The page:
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Free eBook The Analects of Confucius (Lun Yu) download

by Chichung Huang,Confucius

Free eBook The Analects of Confucius (Lun Yu) download ISBN: 0195112768
Author: Chichung Huang,Confucius
Publisher: Oxford University Press; 4th printing edition (May 29, 1997)
Language: English
Pages: 224
Category: Imaginative Literature
Subcategory: History and Criticism
Size MP3: 1195 mb
Size FLAC: 1536 mb
Rating: 4.2
Format: mobi lit rtf azw


The Analects of Confucius. has been added to your Cart. Very insightful translation-Huang covers more bases than other translators of The Analects do, and he truly does an admirable job of providing a literal translation along with alternative explanations and additional notes.

The Analects of Confucius. Highly recommended, especially for those also reading The Analects in the original Chinese.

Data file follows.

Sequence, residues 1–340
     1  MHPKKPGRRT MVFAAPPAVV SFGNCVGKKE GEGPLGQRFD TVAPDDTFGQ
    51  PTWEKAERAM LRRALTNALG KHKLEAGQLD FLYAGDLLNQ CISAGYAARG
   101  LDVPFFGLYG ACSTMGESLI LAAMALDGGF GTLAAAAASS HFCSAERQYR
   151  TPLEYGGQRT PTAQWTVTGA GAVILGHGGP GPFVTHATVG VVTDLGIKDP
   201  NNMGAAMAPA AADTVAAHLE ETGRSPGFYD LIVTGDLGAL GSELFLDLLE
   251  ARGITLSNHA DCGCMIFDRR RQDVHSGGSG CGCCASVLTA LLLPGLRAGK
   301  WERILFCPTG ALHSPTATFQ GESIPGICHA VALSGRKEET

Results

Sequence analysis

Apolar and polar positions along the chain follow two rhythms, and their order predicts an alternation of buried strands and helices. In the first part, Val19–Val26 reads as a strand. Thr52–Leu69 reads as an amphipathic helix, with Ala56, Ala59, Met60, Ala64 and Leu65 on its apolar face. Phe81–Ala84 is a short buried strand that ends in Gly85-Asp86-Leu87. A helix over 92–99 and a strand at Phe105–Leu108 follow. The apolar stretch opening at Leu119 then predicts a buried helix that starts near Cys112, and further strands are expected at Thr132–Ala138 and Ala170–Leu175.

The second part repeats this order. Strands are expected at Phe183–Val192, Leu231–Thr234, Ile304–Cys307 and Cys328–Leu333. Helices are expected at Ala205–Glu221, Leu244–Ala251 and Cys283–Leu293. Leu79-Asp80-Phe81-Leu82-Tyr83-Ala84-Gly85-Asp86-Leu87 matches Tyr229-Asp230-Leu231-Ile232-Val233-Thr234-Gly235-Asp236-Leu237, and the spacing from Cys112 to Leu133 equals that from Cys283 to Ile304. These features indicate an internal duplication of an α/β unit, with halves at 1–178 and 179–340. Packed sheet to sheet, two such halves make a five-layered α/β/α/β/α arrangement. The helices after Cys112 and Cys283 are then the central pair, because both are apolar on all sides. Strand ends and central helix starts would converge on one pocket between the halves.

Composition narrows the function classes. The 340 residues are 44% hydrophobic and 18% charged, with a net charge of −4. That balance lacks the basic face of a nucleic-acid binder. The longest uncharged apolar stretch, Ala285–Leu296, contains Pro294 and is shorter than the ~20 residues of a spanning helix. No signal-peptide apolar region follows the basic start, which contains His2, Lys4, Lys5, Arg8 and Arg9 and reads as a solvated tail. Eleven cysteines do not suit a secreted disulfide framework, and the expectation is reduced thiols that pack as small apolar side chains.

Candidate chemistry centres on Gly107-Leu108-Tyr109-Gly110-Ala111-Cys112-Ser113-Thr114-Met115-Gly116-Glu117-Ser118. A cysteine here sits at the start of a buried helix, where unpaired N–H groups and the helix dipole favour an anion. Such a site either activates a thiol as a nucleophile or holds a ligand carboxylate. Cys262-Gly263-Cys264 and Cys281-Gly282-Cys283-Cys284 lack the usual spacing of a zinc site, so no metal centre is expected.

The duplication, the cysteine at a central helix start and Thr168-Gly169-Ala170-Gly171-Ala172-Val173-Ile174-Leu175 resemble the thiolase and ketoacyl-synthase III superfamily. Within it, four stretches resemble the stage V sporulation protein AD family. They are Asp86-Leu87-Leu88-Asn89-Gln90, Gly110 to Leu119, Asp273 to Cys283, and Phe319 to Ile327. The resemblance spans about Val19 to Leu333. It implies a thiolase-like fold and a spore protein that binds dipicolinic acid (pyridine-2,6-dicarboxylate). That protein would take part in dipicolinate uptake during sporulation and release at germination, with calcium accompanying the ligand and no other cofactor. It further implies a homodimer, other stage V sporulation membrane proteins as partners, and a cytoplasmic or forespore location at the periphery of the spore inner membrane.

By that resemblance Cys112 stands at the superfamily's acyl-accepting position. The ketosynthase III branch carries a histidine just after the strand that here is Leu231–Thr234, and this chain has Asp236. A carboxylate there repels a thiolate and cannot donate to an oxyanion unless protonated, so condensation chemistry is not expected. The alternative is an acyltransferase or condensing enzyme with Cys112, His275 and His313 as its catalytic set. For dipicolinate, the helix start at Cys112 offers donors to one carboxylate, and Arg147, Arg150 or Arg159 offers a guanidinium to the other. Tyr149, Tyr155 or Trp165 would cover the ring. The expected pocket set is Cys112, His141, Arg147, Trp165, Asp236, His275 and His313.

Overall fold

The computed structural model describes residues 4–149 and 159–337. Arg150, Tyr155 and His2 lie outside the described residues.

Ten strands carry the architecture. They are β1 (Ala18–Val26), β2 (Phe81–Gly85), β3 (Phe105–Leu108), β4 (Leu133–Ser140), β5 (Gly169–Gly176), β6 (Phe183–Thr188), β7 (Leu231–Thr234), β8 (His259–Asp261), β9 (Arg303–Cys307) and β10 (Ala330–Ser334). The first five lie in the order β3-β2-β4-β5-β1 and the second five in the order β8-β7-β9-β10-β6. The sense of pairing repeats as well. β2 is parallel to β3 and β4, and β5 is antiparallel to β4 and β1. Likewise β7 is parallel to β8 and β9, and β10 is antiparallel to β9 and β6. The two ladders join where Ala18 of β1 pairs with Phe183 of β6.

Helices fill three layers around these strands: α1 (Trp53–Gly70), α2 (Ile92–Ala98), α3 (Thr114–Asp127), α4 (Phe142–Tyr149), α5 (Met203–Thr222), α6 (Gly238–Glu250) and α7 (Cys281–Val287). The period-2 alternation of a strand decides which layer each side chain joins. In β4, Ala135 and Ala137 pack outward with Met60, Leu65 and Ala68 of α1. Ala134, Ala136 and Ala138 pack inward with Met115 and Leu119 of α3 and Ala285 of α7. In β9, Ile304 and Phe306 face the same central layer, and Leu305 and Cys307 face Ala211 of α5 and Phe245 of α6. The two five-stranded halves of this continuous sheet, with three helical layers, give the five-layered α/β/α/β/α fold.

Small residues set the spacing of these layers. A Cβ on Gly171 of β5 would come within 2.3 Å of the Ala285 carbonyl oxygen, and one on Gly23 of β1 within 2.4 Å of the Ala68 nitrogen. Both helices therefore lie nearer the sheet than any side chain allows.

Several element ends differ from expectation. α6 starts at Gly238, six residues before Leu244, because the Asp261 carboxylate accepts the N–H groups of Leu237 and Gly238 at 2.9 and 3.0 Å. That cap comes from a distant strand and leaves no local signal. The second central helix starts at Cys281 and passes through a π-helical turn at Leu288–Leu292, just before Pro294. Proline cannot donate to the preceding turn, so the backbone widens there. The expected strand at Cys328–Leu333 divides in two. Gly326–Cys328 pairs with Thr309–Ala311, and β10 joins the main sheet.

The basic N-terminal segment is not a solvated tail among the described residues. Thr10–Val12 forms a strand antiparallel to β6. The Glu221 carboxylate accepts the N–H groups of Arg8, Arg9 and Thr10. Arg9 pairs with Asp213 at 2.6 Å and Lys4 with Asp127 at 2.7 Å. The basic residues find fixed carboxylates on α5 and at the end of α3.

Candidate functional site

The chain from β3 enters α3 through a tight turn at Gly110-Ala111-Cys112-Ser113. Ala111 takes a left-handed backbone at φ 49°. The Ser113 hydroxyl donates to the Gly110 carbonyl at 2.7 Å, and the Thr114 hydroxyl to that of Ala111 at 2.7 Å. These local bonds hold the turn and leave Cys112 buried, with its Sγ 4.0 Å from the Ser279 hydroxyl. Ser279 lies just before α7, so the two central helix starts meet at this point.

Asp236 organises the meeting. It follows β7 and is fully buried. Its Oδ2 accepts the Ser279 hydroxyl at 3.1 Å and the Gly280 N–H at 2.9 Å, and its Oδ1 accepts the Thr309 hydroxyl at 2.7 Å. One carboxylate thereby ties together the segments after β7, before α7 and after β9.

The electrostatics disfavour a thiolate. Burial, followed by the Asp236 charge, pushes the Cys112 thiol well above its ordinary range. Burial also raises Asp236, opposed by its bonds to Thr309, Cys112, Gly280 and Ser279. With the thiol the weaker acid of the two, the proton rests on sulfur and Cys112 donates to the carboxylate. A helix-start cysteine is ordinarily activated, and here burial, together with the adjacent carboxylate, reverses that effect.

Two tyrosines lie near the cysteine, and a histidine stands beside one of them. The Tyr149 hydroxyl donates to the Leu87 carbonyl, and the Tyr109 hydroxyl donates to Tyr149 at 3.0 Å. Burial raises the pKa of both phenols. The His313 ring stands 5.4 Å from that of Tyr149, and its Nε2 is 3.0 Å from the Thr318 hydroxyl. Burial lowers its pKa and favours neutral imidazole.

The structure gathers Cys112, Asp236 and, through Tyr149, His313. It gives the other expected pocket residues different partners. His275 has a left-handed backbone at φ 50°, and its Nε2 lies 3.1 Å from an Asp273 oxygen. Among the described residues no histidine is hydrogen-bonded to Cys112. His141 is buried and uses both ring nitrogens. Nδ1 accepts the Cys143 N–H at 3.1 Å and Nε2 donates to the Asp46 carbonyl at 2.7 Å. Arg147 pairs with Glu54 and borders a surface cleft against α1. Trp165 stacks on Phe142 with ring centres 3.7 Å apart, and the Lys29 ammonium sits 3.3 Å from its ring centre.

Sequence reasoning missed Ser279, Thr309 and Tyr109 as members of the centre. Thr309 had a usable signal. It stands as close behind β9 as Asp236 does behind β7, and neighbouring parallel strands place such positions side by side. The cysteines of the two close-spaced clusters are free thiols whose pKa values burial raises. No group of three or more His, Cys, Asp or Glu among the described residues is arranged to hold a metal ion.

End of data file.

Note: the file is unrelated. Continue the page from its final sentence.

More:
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Как создавались империи. The Analects of Confucius - Audiobook - Продолжительность: 3:32:24 libribooks Recommended for you.

Confucius, Chichung Huang. In the long river of human history, if one person can represent the civilization of a whole nation, it is perhaps Master Kong, better known as Confucius in the West. If there is one single book that can be upheld as the common code of a whole people, it is perhaps Lun Yu, or The Analects. Surely, few individuals in history have shaped their country's civilization more profoundly than Master Kong. The great Han historiographer, Si-ma Qian, writing 2,100 years ago said, "He may be called the wisest indeed!".

From the time of Confucius, the Analects have strongly influenced the philosophy and ethical values of China and, later, other East Asian countries. A man who was unfamiliar with the Analects was considered uneducated and not morally upright